“ You are not VC ready “ – Startup founders often get this baffling censure from VCs ( or worse, none at all ) after they submit their Business Plan. At times, it gets on founders’ nerves and infuriates them no end. Founders like to say “ hey, now what…? We’ve developed a bug-free prototype, been thro an extensive beta, got a brilliant team of people to work, a tried and tested mentor, set of high quality advisers and what the hell, we’re into year two with a good set of paying customers too…what more do you expect from us …a Microsoft rolled back in time ? ”
Where the hell does it suck…?
I am letting you in on some inside metrics. Too bad if you’ve tried this already.
Uptight with strap : Burn less capital to finance overhead before generating revenues. In other words, suck cash only if it makes revenues grow. Stick with Top Ramen noodles for lunch, Sushi can wait.
Burn rate is usually quoted in terms of cash spent per month. It’s bad if the burn rate begins to exceed forecasts or revenue fails to meet expectations. The usual recourse is to reduce the burn rate by reducing overhead or by looking at ways to improve profit margins.
Lead earnings : Companies with high operating leverage ( lower cost of incremental sales ) can make more money from each additional sale if they don’t have to increase costs to produce more sales. The minute business picks up, your assets as well as existing workers can do a whole lot more without adding to costs. Profit margins expand and earnings soar faster than revenues. ( imagine Consumer internet like travel portals, online DVD rentals etc.) So get your business to recover its fixed costs early and keep adding to the bottomline with every additional sale. This can be achieved by keeping the initial development costs low by scheduling a faster go-to-market. Secret here is to quick-brand staged product development and serializing it. Features can be added later which can be released as V 2.0 followed by V 3.0 etc. Take a leaf from Google and Microsoft who are masters at it.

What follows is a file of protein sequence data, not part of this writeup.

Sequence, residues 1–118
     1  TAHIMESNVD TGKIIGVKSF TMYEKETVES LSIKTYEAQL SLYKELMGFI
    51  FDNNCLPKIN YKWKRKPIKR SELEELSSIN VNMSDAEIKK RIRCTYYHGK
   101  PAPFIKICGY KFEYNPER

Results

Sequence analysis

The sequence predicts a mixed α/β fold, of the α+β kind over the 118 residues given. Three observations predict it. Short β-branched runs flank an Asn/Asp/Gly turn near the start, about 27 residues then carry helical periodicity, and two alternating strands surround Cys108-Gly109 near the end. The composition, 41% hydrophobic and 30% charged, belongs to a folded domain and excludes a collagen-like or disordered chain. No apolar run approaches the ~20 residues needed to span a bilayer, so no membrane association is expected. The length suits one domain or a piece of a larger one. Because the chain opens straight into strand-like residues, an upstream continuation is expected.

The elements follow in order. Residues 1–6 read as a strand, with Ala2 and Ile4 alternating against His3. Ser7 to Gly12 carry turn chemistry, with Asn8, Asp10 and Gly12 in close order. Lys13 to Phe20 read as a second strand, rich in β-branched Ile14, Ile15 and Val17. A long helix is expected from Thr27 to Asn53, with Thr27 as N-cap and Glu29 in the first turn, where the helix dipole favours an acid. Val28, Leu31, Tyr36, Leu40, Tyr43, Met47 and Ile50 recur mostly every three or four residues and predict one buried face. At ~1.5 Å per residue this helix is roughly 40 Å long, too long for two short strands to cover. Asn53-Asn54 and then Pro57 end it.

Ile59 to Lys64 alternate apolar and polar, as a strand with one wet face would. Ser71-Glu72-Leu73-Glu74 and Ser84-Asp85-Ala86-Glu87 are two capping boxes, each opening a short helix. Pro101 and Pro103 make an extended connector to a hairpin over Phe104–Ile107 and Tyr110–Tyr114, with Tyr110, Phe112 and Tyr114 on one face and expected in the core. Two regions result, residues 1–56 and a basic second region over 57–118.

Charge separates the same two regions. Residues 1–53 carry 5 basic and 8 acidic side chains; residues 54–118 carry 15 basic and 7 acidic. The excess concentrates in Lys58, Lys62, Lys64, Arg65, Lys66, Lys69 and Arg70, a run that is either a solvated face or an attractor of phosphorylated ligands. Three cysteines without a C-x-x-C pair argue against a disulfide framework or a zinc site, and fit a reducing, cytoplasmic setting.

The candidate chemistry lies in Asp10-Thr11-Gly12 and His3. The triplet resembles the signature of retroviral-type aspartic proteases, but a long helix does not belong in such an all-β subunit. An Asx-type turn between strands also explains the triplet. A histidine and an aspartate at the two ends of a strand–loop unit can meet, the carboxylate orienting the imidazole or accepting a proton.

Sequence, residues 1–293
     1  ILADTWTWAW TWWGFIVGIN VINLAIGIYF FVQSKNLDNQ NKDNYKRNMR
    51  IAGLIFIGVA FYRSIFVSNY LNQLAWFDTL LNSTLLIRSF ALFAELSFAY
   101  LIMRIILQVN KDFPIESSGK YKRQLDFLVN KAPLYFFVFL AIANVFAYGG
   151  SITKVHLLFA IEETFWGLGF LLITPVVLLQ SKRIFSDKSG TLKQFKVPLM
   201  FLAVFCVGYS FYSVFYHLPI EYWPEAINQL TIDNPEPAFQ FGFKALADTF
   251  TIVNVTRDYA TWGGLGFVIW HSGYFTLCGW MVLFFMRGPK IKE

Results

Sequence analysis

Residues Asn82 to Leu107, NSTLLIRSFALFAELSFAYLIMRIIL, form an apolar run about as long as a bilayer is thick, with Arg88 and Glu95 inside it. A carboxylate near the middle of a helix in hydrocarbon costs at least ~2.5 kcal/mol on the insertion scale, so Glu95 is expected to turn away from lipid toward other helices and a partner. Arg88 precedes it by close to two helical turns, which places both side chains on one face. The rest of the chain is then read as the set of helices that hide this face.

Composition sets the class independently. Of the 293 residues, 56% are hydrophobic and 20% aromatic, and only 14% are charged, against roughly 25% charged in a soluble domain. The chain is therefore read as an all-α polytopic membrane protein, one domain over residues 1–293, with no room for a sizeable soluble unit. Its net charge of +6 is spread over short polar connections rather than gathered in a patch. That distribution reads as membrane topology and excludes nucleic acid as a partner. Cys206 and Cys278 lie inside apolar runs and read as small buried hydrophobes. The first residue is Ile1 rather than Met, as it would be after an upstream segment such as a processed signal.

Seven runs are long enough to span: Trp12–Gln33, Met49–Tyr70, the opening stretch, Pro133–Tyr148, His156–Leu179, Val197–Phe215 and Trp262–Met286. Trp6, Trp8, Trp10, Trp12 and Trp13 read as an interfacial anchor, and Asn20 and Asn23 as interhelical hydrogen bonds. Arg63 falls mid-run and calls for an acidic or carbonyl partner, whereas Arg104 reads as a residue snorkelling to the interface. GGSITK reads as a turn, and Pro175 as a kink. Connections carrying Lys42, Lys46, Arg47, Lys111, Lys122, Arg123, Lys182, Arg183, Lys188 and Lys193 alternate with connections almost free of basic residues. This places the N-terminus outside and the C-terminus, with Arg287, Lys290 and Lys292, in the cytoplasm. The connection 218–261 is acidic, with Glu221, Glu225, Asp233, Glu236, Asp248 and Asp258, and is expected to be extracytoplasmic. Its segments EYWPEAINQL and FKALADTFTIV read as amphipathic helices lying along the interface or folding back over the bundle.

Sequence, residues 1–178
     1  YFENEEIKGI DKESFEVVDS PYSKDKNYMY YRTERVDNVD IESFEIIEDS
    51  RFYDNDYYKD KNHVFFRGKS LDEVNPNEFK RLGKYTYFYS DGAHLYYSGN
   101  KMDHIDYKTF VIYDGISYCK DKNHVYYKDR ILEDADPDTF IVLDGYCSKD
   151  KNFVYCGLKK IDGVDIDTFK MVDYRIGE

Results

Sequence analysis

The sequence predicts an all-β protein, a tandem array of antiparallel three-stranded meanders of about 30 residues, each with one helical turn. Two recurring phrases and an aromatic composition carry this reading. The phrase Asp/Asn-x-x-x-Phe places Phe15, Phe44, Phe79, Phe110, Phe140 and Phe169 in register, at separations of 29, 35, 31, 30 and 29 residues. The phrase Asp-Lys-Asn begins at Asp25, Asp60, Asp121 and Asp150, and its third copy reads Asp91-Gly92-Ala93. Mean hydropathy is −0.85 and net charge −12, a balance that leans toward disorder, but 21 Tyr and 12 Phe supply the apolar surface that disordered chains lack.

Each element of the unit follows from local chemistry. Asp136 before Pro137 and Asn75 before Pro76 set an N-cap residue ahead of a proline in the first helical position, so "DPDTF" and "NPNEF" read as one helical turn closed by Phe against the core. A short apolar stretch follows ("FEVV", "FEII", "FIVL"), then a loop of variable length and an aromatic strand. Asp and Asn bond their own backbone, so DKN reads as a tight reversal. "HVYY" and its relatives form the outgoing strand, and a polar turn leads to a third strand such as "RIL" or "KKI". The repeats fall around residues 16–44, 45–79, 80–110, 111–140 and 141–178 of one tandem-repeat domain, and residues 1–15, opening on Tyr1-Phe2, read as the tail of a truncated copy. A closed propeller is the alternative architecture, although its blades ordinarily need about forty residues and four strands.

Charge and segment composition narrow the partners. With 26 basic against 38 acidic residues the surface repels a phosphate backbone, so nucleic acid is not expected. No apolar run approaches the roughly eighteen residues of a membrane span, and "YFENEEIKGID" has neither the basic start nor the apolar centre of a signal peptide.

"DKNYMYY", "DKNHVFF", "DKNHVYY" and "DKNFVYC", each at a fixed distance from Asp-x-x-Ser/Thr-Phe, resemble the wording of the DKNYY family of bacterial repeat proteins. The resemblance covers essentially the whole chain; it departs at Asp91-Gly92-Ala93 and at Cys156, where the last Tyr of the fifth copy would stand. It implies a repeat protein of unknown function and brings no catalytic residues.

Strong tailwinds : VCs have a commitment to the investors ( limited partners ) in their funds for realizing a rate of return well in excess of the market average. VCs rankings go up if they could achieve their ROI targets fast and return the money to the investors early enough. As such, VCs prefer to lock-in $$ for as short a duration as possible. Closer your venture is to a liquidity event ( like IPO, buyout, M&A ), more attractive it is to the VCs. You stand a better chance of getting noticed by acquirers ( or lapped up by investors ) if your venture is highly scalable with the momentum provided by the VC money. Sooner you position yourself in the eye of the acquisition storm to get swept by it, the better. Approach the VCs with a clear roadmap for them to exit quickly thro such events and get invited to dance.
Be the current flavor : VCs are paranoid by nature and fear to tread alone. They prefer to move in herds. If your venture belongs to a sector which is currently funded by some VC, you stand a fair chance unless you screw it up hopelessly. So belong to the sector which is the current flavor. Conversely, time your approach to VCs as soon as your competitor got funded. Technology / Internet / Semiconductor wave of the 90’s, followed by Biotech and Clean Energy wave are all examples you can relate here.
Suck up to a dud : This is sure to work. Just be a bit charitable. If you know of any dud among the VC portfolio that could be useful to your early development efforts, it’s a great favor that you’re doing to him. There are quite a few in almost every VC portfolio. Seeing an opportunity to recoup his dead investment in the dud, VC will make the dud offer everything it has including its IP for a song. So while you zoom in on a VC to pitch, remember to scan its portfolio for complementary duds. Better still, find a dud to build your idea upon. VCs are quick on the uptake, just tell him the story nicely. He wouldn’t miss it. If he’s desperate enough, you might even escape from draconian multi-x liquidity preferences or anti dilution clauses in the term sheet.